Triangle of Sadness (2022)

Triangle of Sadness
Director: Ruben Östlund
Writer: Ruben Östlund
Cast: Harris Dickinson, Charlbi Dean, Vicki Berlin, Dolly De Leon, Alicia Eriksson, Woody Harrelson, Zlatko Buric, Sunnyi Melles, Carolina Gynning, Iris Berben, Jean-Christophe Folly, Arvin Kananian
Part of: SLASH Filmfestival
Seen on: 27.9.2022
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Content Note: rape/dubious consent

Plot:
Carl (Harris Dickinson) is a model, as is his girlfriend Yaya (Charlbi Dean) who is also an influencer. As an influencer, she is invited on a luxury cruise together with Carl. There they – as the famous and moderately rich – mingle with the very rich and not so famous, enjoying all the luxuries on board. But trouble starts with a stormy Captain’s dinner – and only gets worse from there.

Triangle of Sadness has a good eye for economic inequalities and relishes in taking rich people down a peg. Other power axis, it isn’t as aware of, and unfortunately the story ends up nowhere, so my reaction to it was overall rather mediocre.

THe film poster showing the central characters lounging on a yacht. At the back of the yacht, there is an explosion.

Triangle of Sadness is a long film, especially if you consider that the third (and last) chapter of the film is actually its story. Without having looked at my watch, I’m reasonably certain that the film is about 2 hours set-up and 30 minutes story. Nevertheless, it never feels long – apart from the vomit and diarrhoea orgy that has made the film already infamous (in that scene, Woody Harrelson had the most fun, and I did enjoy his performance, but it could have been shorter, too). That is drawn out way too long – and honestly, it was just too disgusting for me, I almost joined in the vomiting.

I get the pleasure in seeing rich people having all of their class stripped away from them by reducing them to the most disgusting bodily functions, but in its glee about that, the film loses sight of who has to clean up after them in the end: the crew – mostly poor people of color. And that is rather indicative of the film’s overall social analysis. Since it’s reason for being is social commentary, I expected a little more from it.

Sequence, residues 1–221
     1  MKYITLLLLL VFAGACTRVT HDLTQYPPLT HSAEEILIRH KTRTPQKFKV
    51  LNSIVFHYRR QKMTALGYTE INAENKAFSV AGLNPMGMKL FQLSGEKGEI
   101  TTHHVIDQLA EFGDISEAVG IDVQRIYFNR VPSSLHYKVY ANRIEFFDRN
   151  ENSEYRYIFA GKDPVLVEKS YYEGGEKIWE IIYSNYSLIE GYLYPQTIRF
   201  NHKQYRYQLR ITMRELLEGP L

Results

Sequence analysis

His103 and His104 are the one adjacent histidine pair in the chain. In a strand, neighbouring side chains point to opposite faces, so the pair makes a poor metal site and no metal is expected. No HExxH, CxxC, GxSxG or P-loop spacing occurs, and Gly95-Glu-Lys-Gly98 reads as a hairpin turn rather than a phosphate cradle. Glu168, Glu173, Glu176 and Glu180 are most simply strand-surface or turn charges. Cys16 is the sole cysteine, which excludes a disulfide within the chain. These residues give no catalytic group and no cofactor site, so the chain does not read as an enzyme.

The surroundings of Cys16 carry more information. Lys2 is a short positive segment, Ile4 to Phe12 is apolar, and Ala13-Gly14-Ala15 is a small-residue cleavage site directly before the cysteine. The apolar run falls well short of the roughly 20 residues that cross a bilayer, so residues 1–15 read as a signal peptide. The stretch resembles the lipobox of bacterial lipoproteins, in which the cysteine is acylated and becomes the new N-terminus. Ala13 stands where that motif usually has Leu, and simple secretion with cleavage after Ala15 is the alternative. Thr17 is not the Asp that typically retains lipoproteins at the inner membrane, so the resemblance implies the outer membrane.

The first mate Darius (Arvin Kananian) and Captain Thomas (Woody Harrelson) greeting the guests at the Captain's Dinner.

That the film is not so good with gendered or racialized power structures becomes rather obvious in pretty much everything involving Carl. His diatribe in the beginning when Yaya doesn’t pick up the check at the restaurant (although she’s the bigger earner), feels kind of pointless and more like MRA talking points than anything really insightful. And when the tables are turned later in the film, and Carl basically has to sell himself to Abigail (Dolly De Leon), seeing a white man in the position where he has to give sex in exchange for security lays bare the power dynamics that often work the other way round in real life, but also ignores how his whiteness and maleness would also shift things when engaging with a woman of color.

In the end, that particular take on things is also problematic because it turns the film away from social commentary and turns it into a relationship problem between individuals. A strange shift that only underscores the feeling of the ending overall: the feeling that Östlund really didn’t know where to take his characters or his story. And so, the ending comes out of nowhere, goes nowhere and is generally dissatisfying. As is the entire film, despite some very fun moments.

Yaya (Charlbi Dean) and Carl (Harris Dickinson) lying in the sun.

Summarizing: okay.

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